He asked me if I missed England. "How do you know I've come from England?" I asked.
"Because you look too pale to be Moroccan and too content to be French."
The man's cheeks were shaved and anointed with a home-brewed cologne. He pressed a coin into the barber's hand. "I will wait for you at the café opposite," he said.
I was still unfamiliar with Moroccan society, and wondered if I should accept the invitation. But, unable to resist, I crossed the street and found the man, Abdelmalik Leghmati, sipping a café noir. We sketched out the broad details of our lives - wives, children, work - and we exchanged telephone numbers. He expressed his great love for Arab horses and his lifelong dream of owning one. It was an interest we both shared. We chatted about horses and life for an hour or more. Then Abdelmalik glanced at his watch.
"We will be friends," he said firmly, as he left.
From then on the suave, clean-shaven Moroccan swept into my life. He saw it as his duty to solve every one of my abundant problems and to help me settle in. First, he taught me local etiquette: how to make myself be regarded as a local, how to receive and entertain a Moroccan guest, and how to prepare the sweet mint tea that everyone drinks constantly.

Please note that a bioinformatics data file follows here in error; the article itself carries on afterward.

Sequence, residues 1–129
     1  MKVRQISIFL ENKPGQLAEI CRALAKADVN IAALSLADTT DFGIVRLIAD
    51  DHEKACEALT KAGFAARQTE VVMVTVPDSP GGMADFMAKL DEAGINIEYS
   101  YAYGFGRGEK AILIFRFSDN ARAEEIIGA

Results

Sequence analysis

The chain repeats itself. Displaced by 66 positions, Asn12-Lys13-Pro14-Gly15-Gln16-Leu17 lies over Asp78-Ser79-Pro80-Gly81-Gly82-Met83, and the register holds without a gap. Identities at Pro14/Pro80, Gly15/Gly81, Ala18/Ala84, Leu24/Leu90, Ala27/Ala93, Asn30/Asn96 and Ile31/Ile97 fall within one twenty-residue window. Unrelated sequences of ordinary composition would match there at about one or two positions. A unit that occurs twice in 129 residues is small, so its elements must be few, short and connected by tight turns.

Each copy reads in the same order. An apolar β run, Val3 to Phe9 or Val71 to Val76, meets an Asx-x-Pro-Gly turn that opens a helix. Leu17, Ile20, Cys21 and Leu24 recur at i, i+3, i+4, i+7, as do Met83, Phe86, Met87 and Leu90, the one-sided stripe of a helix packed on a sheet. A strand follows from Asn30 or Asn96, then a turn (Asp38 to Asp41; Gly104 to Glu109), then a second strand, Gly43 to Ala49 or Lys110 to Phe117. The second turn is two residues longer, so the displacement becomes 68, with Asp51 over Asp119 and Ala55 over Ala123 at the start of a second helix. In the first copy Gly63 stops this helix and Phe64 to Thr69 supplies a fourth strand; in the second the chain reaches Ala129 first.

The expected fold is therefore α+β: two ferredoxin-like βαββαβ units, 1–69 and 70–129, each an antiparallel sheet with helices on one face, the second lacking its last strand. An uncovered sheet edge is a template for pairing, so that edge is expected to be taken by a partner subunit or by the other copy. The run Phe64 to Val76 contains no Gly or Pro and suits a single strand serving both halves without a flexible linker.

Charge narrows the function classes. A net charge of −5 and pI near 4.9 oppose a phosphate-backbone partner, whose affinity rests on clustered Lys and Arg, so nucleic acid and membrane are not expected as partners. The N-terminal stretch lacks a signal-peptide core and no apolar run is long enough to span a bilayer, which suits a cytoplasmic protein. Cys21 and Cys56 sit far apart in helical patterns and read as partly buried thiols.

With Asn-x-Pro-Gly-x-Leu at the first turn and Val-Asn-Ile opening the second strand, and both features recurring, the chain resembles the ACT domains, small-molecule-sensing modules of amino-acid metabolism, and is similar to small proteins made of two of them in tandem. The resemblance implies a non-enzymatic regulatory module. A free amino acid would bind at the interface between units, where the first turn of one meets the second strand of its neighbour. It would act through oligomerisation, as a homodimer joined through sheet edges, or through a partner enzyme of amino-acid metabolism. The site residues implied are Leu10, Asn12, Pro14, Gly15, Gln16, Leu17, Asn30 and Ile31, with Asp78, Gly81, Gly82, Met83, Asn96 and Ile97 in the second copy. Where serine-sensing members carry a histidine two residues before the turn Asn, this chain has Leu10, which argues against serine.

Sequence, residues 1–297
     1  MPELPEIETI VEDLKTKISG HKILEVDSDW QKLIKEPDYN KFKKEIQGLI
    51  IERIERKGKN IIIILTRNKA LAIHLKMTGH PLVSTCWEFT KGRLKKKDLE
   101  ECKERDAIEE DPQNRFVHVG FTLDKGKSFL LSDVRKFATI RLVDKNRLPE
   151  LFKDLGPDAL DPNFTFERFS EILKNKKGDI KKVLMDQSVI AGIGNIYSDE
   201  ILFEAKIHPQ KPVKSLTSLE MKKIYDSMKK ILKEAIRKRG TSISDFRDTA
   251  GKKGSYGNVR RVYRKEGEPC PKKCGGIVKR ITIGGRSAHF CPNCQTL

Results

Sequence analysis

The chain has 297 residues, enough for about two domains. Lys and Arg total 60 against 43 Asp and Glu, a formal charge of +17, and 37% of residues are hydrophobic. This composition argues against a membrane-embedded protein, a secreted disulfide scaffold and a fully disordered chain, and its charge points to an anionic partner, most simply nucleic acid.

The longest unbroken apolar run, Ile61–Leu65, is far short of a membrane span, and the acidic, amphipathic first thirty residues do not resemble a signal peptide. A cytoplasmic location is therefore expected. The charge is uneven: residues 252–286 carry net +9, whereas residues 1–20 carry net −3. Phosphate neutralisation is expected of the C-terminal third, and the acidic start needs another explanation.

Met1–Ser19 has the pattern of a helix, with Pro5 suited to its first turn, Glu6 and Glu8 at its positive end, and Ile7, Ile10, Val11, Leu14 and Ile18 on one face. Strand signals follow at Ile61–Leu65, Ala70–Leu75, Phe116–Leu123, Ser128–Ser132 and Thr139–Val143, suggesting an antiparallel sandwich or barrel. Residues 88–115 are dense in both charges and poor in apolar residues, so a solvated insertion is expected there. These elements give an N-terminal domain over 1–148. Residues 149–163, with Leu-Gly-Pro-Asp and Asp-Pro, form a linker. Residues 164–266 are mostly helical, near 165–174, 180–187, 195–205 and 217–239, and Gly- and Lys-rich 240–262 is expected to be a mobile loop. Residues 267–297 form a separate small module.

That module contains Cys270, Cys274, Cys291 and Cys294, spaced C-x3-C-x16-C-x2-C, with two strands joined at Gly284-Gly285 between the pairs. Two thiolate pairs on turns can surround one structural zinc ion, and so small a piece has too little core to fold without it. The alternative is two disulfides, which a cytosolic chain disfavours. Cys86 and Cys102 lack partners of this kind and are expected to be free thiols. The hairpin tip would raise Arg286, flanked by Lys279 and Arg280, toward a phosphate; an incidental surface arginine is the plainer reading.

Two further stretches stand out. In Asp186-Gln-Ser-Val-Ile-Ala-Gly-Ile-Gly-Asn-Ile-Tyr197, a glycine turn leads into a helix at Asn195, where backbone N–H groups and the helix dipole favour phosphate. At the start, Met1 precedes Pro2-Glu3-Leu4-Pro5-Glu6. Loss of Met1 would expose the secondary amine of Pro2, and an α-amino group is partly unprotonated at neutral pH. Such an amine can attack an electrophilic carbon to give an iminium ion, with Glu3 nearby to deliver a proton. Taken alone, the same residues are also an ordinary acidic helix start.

From the outset, Abdelmalik stressed again and again that I could ask anything of him. It was his duty, as my friend, to be there for me. I found it strange at first that someone would make such a point about friendship, rather than just letting it develop. We'd meet at least every other day on the terrace of Café Lugano, near Casablanca's coastal road, where we always sat at the same table. I commented that the same people were usually sitting at the other tables as well.
"Of course, that's how it is," said Abdelmalik. "You see, they are friends."
In Morocco there is no occupation more honourable for a man than to be seen with his pals, sitting at a café, drinking sweet mint tea. In the west, we might frown on spending so much leisure time in such a way. For Moroccans, however, time spent working on a friendship in public is extremely important.